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Centrifuge Safety

Keeping track of the maintenance and safety of lab equipment used in performing laboratory tasks can be a challenge for lab managers. One piece of equipment deserving special attention when it comes to ensuring the safety of laboratory employees is the centrifuge.

by Christopher Crews
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Routine Checks, Cleaning and Preventive Maintenance are Key

The modern research lab is filled with equipment helping researchers to harvest, chop, boil, homogenize, and crystallize materials of all types. Keeping track of the maintenance and safety of lab equipment used in performing these tasks can be a challenge for laboratory managers. One piece of equipment deserving special attention when it comes to ensuring the safety of laboratory employees is the centrifuge.

The laboratory centrifuge, an instrument designed to spin and separate liquids at high speeds, has come a long way from the days of the older models, which required the units to be spun by hand. New and updated models now allow researchers many options for spinning and separating materials. Nevertheless, without proper preventive maintenance and good laboratory procedures, the centrifuge can become a safety hazard to laboratory workers. Improper use can potentially expose lab workers to hazardous materials as well as severely damage a costly piece of equipment. The risk of your centrifuge becoming a safety hazard can be mitigated through proper preventive maintenance and strict adherence to manufacturer procedures and your internal laboratory safety procedures.

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The heart and soul of any centrifuge is its rotor (the component of the centrifuge that contains and spins the material). This part will eventually wear down after continuous use. A routine visual check of your rotor is necessary to detect any type of rotor fatigue (cracks, bulges, or corrosion) that can lead to the eventual failure of the rotor and significant damage to your centrifuge. One way to ensure that all the moving parts in your unit remain at optimal performance is preventive maintenance (pm). Recommended by nearly all centrifuge manufacturers, pm may include a detailed cleaning, lubrication, and calibration of your unit. No big deal right? Well, before you brush this recommendation off completely, keep in mind that a properly functioning centrifuge will provide your researchers with consistent and reliable performance and accurate results, and drastically reduce your chances of accident and/or costly repair. In addition to having your centrifuge units on a routine pm schedule, it’s important to have internal laboratory policies in place to help ensure that all employees are using the same procedures for centrifuge safety. These policies can include the following.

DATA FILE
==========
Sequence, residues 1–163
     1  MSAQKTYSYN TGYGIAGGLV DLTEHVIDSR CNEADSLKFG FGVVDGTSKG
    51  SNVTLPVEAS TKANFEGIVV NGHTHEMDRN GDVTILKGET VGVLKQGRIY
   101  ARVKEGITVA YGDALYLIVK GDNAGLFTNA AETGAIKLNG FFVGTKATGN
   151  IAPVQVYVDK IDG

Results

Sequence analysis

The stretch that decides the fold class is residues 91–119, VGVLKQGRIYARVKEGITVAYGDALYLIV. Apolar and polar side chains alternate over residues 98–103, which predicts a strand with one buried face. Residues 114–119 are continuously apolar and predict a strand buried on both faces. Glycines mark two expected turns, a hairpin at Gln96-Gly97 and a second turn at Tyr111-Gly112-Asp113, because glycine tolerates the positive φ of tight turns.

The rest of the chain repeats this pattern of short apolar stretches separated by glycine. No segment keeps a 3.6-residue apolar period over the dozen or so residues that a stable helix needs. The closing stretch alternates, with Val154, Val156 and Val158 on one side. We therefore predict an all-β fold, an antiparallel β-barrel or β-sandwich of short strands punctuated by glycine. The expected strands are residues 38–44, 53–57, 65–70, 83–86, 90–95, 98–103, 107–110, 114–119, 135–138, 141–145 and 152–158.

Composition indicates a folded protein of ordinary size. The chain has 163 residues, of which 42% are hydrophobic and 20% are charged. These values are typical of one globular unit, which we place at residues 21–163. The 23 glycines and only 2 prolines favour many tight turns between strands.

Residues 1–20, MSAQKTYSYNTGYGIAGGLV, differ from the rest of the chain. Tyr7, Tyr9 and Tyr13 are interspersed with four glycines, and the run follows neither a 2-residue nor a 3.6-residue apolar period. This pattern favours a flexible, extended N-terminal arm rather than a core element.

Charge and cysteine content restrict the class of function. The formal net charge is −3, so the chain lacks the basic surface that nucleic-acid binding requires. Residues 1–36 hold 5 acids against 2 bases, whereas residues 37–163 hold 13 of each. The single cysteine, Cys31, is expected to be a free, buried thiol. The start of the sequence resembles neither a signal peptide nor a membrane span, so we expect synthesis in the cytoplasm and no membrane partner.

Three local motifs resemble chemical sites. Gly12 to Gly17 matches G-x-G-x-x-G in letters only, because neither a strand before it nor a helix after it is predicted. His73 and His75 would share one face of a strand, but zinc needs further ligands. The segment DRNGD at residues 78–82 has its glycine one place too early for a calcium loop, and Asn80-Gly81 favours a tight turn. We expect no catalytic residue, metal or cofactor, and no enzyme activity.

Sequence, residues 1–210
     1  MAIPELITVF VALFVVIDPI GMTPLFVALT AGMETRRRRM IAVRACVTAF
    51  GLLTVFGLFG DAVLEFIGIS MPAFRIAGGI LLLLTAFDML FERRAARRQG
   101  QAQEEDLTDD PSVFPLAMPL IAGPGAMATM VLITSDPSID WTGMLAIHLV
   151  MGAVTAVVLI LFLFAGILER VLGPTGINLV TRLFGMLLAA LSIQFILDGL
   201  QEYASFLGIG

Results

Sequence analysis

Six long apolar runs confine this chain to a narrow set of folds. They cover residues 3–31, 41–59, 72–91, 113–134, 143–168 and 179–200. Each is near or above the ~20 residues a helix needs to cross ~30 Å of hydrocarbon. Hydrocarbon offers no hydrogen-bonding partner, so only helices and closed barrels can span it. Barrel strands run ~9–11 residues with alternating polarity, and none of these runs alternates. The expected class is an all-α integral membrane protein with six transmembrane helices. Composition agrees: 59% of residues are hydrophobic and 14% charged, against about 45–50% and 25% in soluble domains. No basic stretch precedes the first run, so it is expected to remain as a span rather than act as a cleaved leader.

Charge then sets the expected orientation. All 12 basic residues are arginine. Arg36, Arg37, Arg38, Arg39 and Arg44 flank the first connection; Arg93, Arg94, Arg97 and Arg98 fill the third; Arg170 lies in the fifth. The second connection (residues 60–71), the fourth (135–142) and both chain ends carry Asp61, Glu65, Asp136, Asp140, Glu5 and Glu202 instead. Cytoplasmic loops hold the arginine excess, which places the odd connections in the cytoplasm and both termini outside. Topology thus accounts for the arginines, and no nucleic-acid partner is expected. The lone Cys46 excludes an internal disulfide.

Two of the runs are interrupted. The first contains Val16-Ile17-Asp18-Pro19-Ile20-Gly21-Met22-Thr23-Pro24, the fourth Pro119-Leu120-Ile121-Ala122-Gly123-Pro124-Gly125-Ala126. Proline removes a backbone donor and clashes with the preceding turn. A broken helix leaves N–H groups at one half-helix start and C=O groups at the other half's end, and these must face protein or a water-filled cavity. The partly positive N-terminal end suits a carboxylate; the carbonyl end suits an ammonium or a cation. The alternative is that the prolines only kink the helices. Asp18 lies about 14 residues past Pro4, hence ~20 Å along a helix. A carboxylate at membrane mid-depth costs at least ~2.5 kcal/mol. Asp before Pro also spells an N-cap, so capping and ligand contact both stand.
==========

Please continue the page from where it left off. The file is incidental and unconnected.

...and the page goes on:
Centrifuge use log

A good practice for tracking the amount of time your centrifuge and rotors are accruing is the use of a centrifuge use log. This log can help researchers and lab managers balance the amount of time the rotors are being used as well as provide data on the wear and tear each rotor is receiving. The log can also be used to track the cleaning schedule of the equipment.

Procedure for cleaning rotors

One way to help extend the life of your rotors is to adopt policies to ensure they are cleaned and/or rinsed after a prescribed amount of time or at the end of each day. Periodic and scheduled cleaning of rotors can help to keep them free of dirt and other particles or debris that could lead to damage and future accidents. Always refer to the manufacturer’s instructions for specific information on how your centrifuge should be cleaned.

Procedure for handling biological spills in the centrifuge

Even with the best policies and procedures in place, accidents can still happen on occasion. In the event of a biological spill inside the centrifuge, employees should have a standardized procedure for minimizing aerosol exposures, decontaminating the spill, cleaning the area with an approved disinfectant, and properly removing potentially contaminated waste. Lab workers, for example, should be trained on procedures to allow aerosols to settle for at least 30 minutes prior to cleaning any infectious material that has been released into the centrifuge. Ensuring that employees follow standard company procedures for a safe spill response will reduce the chance of causing another incident while trying to clean the spill.

In summary, there are many things involved in properly maintaining a laboratory centrifuge besides loading and spinning. Managing the preventive maintenance and safety of the centrifuges at your facility will help ensure the accuracy of your data, help extend the life of your centrifuges, and improve the safety culture within your lab.